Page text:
An essential part of being in a marching band is wearing and caring for your uniform.
The reason why marching bands wear uniforms dates back to the middle ages. During the middle ages, musicians would join local feudal armies and play to direct soldiers to the battlefields, raise morale, and energize the soldiers.
To show their allegiance to their army and feudal lords, musicians and soldiers would wear plumes (feathers worn on a helmet or hat). The first item of the marching band uniform that existed were hats with colored plumes.
During the 17th through 19th centuries, history began to see armies wearing uniforms of the same color and similar style.
The French’s military uniforms were popular, as well as their ornamentation. Ornamentation included buttons, elaborate trim, and braided ropes. Because members of the military bands were enlisted soldiers and would wear the same uniform as their fellow soldiers.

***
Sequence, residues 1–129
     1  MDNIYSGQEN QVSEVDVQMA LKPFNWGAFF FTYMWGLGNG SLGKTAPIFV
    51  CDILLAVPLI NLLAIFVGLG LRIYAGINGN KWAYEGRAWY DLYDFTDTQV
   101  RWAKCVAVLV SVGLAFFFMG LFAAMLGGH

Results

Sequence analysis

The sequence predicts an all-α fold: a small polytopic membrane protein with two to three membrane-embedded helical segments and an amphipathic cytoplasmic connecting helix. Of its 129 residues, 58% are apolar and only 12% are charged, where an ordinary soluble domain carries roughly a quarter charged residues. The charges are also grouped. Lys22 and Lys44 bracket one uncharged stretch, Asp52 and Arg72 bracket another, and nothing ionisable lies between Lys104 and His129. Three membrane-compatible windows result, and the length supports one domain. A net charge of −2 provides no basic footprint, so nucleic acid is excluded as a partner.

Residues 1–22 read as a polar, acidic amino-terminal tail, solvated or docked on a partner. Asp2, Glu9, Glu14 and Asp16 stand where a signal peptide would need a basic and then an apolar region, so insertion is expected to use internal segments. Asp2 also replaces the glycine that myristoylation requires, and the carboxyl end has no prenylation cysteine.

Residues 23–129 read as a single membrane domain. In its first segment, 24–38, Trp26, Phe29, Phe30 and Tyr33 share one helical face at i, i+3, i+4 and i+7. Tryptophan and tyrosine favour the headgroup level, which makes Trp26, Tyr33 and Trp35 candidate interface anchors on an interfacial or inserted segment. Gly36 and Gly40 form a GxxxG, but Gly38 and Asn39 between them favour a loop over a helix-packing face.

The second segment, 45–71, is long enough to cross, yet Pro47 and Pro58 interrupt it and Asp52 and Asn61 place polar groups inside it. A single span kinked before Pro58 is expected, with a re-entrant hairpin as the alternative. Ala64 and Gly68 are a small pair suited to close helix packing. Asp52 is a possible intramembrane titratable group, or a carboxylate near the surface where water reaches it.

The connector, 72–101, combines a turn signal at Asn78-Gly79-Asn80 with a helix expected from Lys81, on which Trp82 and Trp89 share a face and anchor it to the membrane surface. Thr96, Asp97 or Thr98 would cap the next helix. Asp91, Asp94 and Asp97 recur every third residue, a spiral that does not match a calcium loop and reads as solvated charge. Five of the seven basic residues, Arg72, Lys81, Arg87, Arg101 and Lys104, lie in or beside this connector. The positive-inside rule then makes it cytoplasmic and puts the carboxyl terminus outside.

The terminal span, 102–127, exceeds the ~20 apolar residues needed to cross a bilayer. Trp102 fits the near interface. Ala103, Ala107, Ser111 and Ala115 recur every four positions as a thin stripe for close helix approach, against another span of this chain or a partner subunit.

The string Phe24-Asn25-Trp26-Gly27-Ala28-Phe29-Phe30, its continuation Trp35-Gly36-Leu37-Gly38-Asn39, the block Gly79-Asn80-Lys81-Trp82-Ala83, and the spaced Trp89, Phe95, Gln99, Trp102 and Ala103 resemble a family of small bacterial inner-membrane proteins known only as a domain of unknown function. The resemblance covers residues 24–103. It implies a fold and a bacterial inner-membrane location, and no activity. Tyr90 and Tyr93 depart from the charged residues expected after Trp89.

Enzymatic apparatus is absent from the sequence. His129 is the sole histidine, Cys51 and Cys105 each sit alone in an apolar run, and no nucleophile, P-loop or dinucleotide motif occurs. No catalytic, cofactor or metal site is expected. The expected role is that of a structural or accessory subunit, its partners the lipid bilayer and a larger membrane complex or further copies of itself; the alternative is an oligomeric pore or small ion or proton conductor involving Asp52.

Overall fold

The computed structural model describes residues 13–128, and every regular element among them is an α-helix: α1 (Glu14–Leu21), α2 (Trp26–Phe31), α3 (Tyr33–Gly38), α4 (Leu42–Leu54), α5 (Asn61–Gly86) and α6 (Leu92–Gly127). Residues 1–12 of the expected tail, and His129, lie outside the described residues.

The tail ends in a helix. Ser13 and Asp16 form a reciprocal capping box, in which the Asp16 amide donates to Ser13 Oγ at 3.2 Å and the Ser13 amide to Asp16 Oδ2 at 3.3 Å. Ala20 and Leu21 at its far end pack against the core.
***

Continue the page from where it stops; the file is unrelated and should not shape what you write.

Fun Fact: Due to the use of gunpowder, which would result in smoke and dust, wearing brightly colored uniforms helped the soldiers identify their men, not confuse them for the enemy.
An example of the “French style” military uniforms and coats.
Over time, marching bands became more common in schools and universities.
The uniforms represent the history and origin of marching bands, military drum, and bugle corps. Marching bands still excite and increase the morale of others, but instead of soldiers, it is football players and the audience at games and other school spirit-related events.
The Modern Marching Band Uniform
Marching band uniforms were once made from thick and heavy wool fabrics, like old military uniforms. These wool uniforms were hard to move in and caused many musicians to overheat, resulting in heat exhaustion and heat stroke.
If you are currently a member of marching band you will be happy to note; In the 1960s, wool was replaced with fabrics made of a blend of polyester and cotton, which were more comfortable and breathable.
I know in the hot early summer performances especially if you live in the south it’s easy to feel like you are baking in those uniforms!
Modern marching band uniforms have five standard pieces with unique names, styles, and colors.
Marching Shako and Plume